MemberMay 27, 2021 at 12:24 am
Thomas, you say:
But he, Collins, didn’t come up with all this without input.
This article is by a science writer who has come across Collins’ idea and has written it up for the magazine she works for. This is how we get a lot of our science ‘news’, summarised and interpreted for the lay public by popular intermediary outlets. The article does not show that Steve is somehow downstream from independent authoritative findings. The universities mentioned in the evolving-science article correlate to the affiliations of Collins’ own team — definitely Trinity Southwest and Elizabeth City State. So yes, Collins did “come up with all this without input” (other than his own inductive reasoning, as he explains in the video above) and *then* bolstered it with input from others, whether from his own digs, from colleagues, or from research groups and laboratories (which may often be no more than a chat with a staffer there). If you scroll down in his CV here, http://www.ves.edu/IMG/Collins%20CV.pdf it seems that around 2005 he started introducing the idea that Sodom should be ‘relocated’ in the Jordan Valley. Many publications follow.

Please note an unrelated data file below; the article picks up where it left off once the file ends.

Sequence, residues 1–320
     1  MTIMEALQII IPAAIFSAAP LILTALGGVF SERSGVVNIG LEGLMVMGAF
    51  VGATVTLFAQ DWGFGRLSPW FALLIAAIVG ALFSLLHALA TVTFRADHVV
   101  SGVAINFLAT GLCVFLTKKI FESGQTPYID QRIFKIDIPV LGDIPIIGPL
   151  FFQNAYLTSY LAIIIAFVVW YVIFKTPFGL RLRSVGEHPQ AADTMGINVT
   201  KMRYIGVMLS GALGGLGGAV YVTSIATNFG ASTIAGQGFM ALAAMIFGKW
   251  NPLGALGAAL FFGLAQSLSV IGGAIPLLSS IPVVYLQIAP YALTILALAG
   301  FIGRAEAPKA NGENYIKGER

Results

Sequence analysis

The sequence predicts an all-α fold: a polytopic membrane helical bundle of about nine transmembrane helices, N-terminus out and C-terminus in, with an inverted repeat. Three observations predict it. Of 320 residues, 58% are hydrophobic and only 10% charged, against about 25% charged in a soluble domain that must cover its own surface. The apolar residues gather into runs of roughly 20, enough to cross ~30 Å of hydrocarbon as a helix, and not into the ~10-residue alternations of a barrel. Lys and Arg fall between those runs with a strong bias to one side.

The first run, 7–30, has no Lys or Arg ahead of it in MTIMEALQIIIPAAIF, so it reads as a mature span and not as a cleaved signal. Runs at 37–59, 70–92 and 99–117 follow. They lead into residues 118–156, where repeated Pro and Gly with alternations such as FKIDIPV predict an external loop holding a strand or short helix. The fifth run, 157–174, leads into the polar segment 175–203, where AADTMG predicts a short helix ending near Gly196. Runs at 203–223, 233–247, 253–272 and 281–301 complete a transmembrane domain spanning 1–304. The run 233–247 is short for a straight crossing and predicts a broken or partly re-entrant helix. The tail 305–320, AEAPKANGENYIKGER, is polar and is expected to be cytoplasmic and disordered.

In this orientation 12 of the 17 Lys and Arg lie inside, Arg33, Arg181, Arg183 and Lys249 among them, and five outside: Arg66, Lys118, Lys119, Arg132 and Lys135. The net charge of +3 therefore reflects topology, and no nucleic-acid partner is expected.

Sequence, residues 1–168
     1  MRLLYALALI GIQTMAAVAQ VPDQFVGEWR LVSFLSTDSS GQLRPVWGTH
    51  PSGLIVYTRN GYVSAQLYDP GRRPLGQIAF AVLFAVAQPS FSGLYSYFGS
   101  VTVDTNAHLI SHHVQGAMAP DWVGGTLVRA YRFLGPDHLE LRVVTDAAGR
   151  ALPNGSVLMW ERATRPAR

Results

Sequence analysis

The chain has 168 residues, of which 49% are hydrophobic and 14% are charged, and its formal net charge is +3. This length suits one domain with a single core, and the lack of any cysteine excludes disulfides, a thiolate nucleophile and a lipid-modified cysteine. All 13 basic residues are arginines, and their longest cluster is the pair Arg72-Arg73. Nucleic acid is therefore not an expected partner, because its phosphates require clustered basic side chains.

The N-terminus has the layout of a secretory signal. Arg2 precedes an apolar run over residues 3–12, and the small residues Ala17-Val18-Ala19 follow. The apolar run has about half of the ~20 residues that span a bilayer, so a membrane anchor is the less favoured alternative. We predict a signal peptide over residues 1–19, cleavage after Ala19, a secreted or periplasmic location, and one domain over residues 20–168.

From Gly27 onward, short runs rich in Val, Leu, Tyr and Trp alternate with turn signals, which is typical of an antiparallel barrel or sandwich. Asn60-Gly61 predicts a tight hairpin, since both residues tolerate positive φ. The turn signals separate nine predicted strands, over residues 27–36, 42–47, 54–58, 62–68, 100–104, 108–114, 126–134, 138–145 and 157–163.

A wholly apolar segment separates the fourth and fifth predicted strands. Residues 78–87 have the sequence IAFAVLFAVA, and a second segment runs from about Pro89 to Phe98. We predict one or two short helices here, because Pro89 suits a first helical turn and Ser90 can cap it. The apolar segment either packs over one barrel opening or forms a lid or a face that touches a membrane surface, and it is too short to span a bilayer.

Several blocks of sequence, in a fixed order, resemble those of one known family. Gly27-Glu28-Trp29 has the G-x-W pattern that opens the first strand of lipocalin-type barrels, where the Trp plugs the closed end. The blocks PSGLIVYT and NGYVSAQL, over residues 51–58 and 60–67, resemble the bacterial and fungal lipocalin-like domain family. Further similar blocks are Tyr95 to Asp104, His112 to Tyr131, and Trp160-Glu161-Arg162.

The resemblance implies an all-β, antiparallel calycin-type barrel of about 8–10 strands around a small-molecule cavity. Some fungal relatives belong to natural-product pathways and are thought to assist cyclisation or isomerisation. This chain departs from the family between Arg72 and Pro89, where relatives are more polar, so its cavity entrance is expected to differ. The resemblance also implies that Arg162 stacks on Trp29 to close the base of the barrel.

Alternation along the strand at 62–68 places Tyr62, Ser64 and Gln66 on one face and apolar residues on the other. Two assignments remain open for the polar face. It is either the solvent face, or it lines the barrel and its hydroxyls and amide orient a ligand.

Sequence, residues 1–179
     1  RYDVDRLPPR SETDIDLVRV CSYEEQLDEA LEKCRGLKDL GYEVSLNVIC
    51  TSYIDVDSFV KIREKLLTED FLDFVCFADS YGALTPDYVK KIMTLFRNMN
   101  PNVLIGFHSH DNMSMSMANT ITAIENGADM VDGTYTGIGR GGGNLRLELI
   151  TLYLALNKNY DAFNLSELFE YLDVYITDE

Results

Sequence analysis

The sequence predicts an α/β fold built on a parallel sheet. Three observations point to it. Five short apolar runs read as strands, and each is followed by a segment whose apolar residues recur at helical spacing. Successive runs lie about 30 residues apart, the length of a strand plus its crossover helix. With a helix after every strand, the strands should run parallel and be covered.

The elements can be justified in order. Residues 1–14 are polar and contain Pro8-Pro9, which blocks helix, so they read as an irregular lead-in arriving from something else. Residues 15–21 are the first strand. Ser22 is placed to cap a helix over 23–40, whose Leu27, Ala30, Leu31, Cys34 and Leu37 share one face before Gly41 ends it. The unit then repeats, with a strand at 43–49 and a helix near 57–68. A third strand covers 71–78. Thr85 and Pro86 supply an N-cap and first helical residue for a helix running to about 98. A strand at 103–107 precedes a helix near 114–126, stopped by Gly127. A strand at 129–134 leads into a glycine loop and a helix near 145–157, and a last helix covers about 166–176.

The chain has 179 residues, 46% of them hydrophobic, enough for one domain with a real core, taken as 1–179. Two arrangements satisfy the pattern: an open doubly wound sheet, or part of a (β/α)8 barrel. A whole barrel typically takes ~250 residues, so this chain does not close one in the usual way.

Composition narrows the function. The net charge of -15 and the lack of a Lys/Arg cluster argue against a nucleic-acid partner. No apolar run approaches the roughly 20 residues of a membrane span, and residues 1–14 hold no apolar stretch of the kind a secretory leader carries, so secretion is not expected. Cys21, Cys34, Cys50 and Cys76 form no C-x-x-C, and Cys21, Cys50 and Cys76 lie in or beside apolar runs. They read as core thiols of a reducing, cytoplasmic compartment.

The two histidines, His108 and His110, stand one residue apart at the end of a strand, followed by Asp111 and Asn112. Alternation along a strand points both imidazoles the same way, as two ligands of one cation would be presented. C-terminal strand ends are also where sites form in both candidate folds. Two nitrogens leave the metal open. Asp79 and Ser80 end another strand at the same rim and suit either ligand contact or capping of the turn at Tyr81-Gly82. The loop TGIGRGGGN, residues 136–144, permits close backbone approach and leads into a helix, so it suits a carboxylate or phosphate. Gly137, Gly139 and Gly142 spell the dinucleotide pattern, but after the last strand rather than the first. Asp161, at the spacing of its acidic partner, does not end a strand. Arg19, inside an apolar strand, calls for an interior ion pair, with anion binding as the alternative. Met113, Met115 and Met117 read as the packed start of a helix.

This reminds me of James Hoffmeier’s prolific publications proposing Tel el-Borg up near the Med shore as the Red Sea crossing site. And David Rohl’s much-published proposal (is it his idea, or Bietak’s?) that Avaris in the NE Delta is the Hebrew settlement pre-exodus. Decades of prolific publishing and appeals to external authority don’t make these ideas true. Unless an idea solves more problems than it creates, and unless it can be verified from other fields, not least from the biblical data, it is yet another pet theory put forward by a persuasive or persistent personality. Scholarship will not roll over, the idea will remain ‘fringe’. This is why it is necessary to make a full case from every field with bearing on the topic. There are enough persistent problems with the Sodom-Hammam identity–biblically, logically, chronologically–to prevent it from being broadly accepted. This is the job of historical geography, to ‘interrogate’ the defendant. As for the headline of the evolving-science article, the Southern Jordan Valley of some 25 km diameter is by no means an “entire Bronze Age Civilization”.